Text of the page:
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So I keep reading some smoke from the breather tube is normal but haven't been able to figure out how much that is. So I took a video of what I'm dealing with:


Getting this after about 20-30 minutes of riding. Warm, relatively humid day (85 degress, NYC area). The bike runs fine otherwise. Not noticing a loss in power from what I can tell. Idles no problem. Dont have anything to test compression so I cant provide any details there (speaking of, anyone recommend a compression tester?).

I'm up for taking it to someone but I dont have a mechanic yet so I'm afraid if I take it in and just go "Is this normal?" I can easily just get screwed over.

Heres the bike: '76 CB360

Thanks ya'll and I just want to say how excited I am that I found this forum. Looking forward to spending some time on here.
 

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The purpose of the breather tube is to vent the gasses inside of the crankcase. These gasses are a product of combustion gasses leaking past the rings. Any engine will have some leakage. This is a basic engine heath question. Among other things, engine health is measured by a compression check.

It looks a little excessive to me. It could be caused by dirty or degraded oil. If the bike runs OK and has good power, I wouldn't worry about it.
 

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It looks a little excessive to me. It could be caused by dirty or degraded oil. If the bike runs OK and has good power, I wouldn't worry about it.
Yeah thats all I'm trying to figure out. I get what the breather tube is for I just kept seeing some people say some smoke is normal. So I just want to get an idea of what is normal.

I just checked the oil and it seems little thin to me and maybe a faint smell of gas. Hard to tell. But it was dripping all over the place cold. I remember leaving the gas on by accident overnight last week so I'm gonna change the oil tonight and see if that helps.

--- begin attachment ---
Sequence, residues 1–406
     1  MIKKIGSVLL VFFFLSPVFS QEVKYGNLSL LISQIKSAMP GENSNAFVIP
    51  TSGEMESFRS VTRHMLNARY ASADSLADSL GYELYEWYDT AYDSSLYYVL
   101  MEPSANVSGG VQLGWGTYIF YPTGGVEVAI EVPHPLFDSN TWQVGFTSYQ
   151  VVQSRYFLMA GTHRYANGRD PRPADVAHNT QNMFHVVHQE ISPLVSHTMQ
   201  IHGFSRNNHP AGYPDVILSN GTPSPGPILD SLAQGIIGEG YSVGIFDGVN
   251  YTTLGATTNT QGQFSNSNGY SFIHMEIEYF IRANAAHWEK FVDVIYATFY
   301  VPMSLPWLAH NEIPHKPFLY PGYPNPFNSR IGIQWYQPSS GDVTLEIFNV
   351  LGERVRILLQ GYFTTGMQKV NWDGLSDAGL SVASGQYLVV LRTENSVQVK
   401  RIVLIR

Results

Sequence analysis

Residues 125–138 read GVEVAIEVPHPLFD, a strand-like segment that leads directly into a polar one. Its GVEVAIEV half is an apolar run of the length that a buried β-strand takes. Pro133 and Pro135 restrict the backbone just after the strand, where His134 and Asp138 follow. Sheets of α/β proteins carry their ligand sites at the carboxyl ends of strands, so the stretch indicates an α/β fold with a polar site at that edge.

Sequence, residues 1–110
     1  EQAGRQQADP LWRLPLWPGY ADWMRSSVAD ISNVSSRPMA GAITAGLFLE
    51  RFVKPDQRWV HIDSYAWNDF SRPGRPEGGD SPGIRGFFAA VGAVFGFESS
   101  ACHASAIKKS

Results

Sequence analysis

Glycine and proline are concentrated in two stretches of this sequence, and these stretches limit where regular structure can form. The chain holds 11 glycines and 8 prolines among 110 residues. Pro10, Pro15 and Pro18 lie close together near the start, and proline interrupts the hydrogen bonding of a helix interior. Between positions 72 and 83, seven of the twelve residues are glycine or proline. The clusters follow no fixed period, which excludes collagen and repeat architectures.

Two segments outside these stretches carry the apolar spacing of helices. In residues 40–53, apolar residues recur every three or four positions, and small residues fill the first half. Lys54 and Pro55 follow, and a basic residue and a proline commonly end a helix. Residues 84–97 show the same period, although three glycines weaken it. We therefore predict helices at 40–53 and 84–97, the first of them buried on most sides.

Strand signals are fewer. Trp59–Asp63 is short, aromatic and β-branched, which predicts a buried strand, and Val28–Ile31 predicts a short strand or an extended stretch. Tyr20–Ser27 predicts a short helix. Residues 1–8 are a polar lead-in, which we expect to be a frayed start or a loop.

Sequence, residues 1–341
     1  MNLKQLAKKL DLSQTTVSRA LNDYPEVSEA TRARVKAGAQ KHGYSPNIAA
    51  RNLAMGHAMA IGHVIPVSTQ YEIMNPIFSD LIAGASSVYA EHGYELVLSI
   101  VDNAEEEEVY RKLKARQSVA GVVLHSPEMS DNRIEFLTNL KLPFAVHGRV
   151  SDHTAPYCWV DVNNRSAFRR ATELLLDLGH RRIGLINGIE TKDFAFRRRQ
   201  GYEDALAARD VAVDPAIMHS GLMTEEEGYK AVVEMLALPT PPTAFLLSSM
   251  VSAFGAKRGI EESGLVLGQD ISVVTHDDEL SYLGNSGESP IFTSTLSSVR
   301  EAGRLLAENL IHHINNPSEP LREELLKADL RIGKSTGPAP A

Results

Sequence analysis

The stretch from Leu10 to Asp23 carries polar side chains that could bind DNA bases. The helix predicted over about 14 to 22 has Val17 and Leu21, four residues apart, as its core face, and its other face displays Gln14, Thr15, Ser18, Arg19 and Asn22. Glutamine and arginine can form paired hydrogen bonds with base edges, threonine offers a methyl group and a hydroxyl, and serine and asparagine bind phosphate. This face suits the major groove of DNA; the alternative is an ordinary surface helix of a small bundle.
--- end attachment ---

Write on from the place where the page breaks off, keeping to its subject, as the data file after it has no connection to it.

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Leaving the gas turned on does not mean gas will get into the oil. Fir it to get into the oil, the carb float valve must be leaky and the carb float bowl drain must be plugged.

How long have you owned the bike? If it is coming off a long layup, the rings maybe stuck. Riding it may loosen them up.

Be careful on the choice of oil. Modern oil with friction reducers will ruin the clutch. Most people run Diesel oil such as Shell Rotella or Chevron Delo 400. I like Delo 400 30wt. I stay away from multi grade. It has long molecule polymers that get chopped up in the transmission. The will reduce the viscosity to the lowest rating. Think food processer.
 

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Leaving the gas turned on does not mean gas will get into the oil. Fir it to get into the oil, the carb float valve must be leaky and the carb float bowl drain must be plugged.

How long have you owned the bike? If it is coming off a long layup, the rings maybe stuck. Riding it may loosen them up.

Be careful on the choice of oil. Modern oil with friction reducers will ruin the clutch. Most people run Diesel oil such as Shell Rotella or Chevron Delo 400. I like Delo 400 30wt. I stay away from multi grade. It has long molecule polymers that get chopped up in the transmission. The will reduce the viscosity to the lowest rating. Think food processer.

Just a point. You can have good floats and the drain clear. When the bike is leaned over on the side stand, it can lean far enough (depending on terrain) to cause the angled level of gas in the bowl to allow the float to open a little, allowing the gas to get above the level of the intake, but still not get to the overflow. ALWAYS close the petcock when parked.

When my 360 is parked on the stand, I get a little seepage from the bowl gasket. I lost a tank of gas over the winter because I forgot to close the petcock. I had most of it on the ground, some of it in the engine. Had to change oil before using.

Aluminum cam journals fail quickly with diluted gas, so best to keep mindful of that and close the petcock. I close it even if I am stopped for a minute or two.
 

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Just a point. You can have good floats and the drain clear. When the bike is leaned over on the side stand, it can lean far enough (depending on terrain) to cause the angled level of gas in the bowl to allow the float to open a little, allowing the gas to get above the level of the intake, but still not get to the overflow. ALWAYS close the petcock when parked.
In addition to the gasoline in the float bowls on a motorcycle that's sitting on its side-stand imitating the water in a ¾-full glass when it is tipped at an angle, lol, I'm pretty sure I read something recently about the floats not being able to function properly when the motorcycle is angled over a certain way / past a certain point. I assumed that was because the actual float would no longer be at a "straight" orientation in relation to the rest of the float mechanism, the little lever wouldn't be swinging 100% freely (lots of things tend to bind up when they get cockeyed), and suchlike. Then, again, I may have misread, misremembered, or misunderstood the post.